“That means I’ve underestimated this bastard. He’s been active longer than we think, and there are a lot more victims we don’t know about.” Morgan finally tore her eyes from the scene and looked at Scully. “We’re nowhere near the beginning of his killings. These bodies aren’t going to tell us anything.”
“So what do you want to do?”
“We go back to DC and try to find the beginning.”
Morgan was silent during the drive to the Columbia, SC airport and the flight to Washington, DC. But Scully didn’t find it an uncomfortable silence. She knew the other agent was lost in thought, working on profiling the UNSUB. Besides, it afforded her the opportunity to watch Morgan. Something she found herself doing more and more.
When they landed Morgan and Scully went their separate ways – Scully went home and Morgan went to the hotel. Morgan changed clothes and went to the hotel gym where she worked out for over two hours. When she returned to her room she took a shower, turned on her laptop, and started working.
When Scully got home she found Mulder sleeping on her couch and a couple of cases worth of empty beer bottles scattered around her living room.
Mulder opened his eyes and blinked them a few times. “Hey, Scully,” he said with a silly grin.
“What the hell are you doing in my apartment?”
“Well I couldn’t go to work and you wouldn’t answer my calls.”
“And that gives you squatter’s rights to my apartment?” She grabbed a trash can and started picking up and throwing away beer bottles.
“Where have you been?”
“Why wouldn’t you take my calls, Scully?” he whined.
“I’ve been busy, Mulder. I haven’t had time to listen to your drunken ramblings.”
“But I was worried about you.”
“No, Mulder, you were bored. Now it’s time for you to go home. I’ve got things to do and I have to be to work in the morning.”
“Out, Mulder. Now.”
“No. Out. Now.” She pushed him out the door and locked it.
In the morning Scully found Morgan sitting at the work table in her office. “I see you got an early start this morning.”
“Actually I’ve only been here about 20 minutes.” Morgan leaned back in her chair and let out a sigh.
“How’s the profile coming along?”
“Done. Or at least it’s as done as I can make it with what we know at this point. I’ll be presenting it to the taskforce this morning.”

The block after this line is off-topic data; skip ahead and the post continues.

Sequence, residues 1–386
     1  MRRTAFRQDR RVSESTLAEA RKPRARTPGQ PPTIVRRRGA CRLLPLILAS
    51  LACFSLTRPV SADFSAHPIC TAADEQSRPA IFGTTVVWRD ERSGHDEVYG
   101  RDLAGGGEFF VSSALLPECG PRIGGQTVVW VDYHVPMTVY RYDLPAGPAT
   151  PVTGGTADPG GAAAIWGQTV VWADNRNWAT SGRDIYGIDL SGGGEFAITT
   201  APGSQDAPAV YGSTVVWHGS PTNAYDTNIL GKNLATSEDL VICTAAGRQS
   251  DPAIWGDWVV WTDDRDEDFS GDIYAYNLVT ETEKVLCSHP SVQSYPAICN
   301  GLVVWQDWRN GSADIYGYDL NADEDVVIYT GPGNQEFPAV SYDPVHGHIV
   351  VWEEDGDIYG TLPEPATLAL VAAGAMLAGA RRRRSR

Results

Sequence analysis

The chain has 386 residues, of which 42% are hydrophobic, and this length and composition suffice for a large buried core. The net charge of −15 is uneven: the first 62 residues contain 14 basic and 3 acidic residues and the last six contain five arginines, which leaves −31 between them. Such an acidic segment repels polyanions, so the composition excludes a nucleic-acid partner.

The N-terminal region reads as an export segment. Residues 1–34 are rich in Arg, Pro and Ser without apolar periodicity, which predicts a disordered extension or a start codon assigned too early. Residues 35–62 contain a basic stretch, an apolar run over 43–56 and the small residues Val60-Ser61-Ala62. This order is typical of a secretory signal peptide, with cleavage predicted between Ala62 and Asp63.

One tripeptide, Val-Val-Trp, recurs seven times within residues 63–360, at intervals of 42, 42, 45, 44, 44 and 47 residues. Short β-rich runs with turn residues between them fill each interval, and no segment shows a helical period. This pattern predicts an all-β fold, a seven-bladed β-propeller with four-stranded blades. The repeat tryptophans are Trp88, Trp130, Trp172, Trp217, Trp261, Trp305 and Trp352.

There was a knock on the open office door. Morgan and Scully both looked up and saw the Director.
“Good morning, sir.”
The Director smiled and entered. “Good morning, Jessica, Agent Scully. You ready to give your presentation?”
“Yep. And you’re not going to like everything I have to say.”
He frowned. “That bad?”
Morgan nodded. “Afraid so.”
The Director looked at Scully. “I don’t mean to be rude, Agent Scully, but could you give us a couple of minutes?”
“Certainly, sir.” Scully left the office and joined the other agents that were already starting to gather for Morgan’s presentation.
The Director closed the door. “So, now that you’ve got your profile are you ready for your next assignment?”
Morgan shook her head. “We’ve just scratched the surface on this one, Lou.”
“What are you talking about? You found the additional victims–”
“Like I said – just scratched the surface. This is a lot worse than anyone thought. Look, I don’t know what’s going to lead to us getting this guy; finding a mistake he made when he was first starting out, or he tires of his current game of toying with us and deliberately leaves us a clue. Either way, his body count is going to go up. I underestimated this son of a bitch. I want to see this case all the way to the end, Lou.”
“Alright.” He paused. “Have you given any more thought to taking the job at Quantico?”
“Not really. I’ve been concentrating on the case. Once we get through this case I promise I’ll give it some thought.”
The Director opened the office and walked out.
“Before our UNSUB killed his victims and then brought their bodies back to leave them in their own homes, he simply killed them in their homes.”
“So you’re saying he changed his M.O.?”
“More like refined it. Made things more challenging for himself. The UNSUB has an IQ of at least 150, he’s probably 5’10” or taller, very athletic, but not a body-builder. He’s what most people would consider handsome and charming; he doesn’t set off any alarm bells in his victims. He’s a chameleon; he can fit in no matter what group he’s in. But at heart he’s a loner. He could be self-employed, but is probably wealthy enough that he doesn’t have to work. However, he isn’t a show-off about it. He’s educated, most likely holding at least two PhDs. And I wouldn’t be surprised if he was a gifted child and graduated early from high school, perhaps as young as 11 or 12. And I believe the UNSUB has had training in law enforcement of some kind.”
“You’re saying we’re looking for a cop?!” someone blurted out.
“No. Remember, I said he’s self-employed or wealthy enough that he doesn’t have to work. But I believe he’s had the training. Whether he actually worked as a cop we won’t know until we identify him.” Morgan paused. “And finally, for the really bad news. Our UNSUB has been active far longer than any of us thought. The 27 victims we’ve identified so far are just the tip of the iceberg.”
The Director stood up and addressed the assembled agents. “Alright, people, I realize that eventually the press is going to get wind of the scope of this case, but I want to delay that as long as possible; so no leaks.”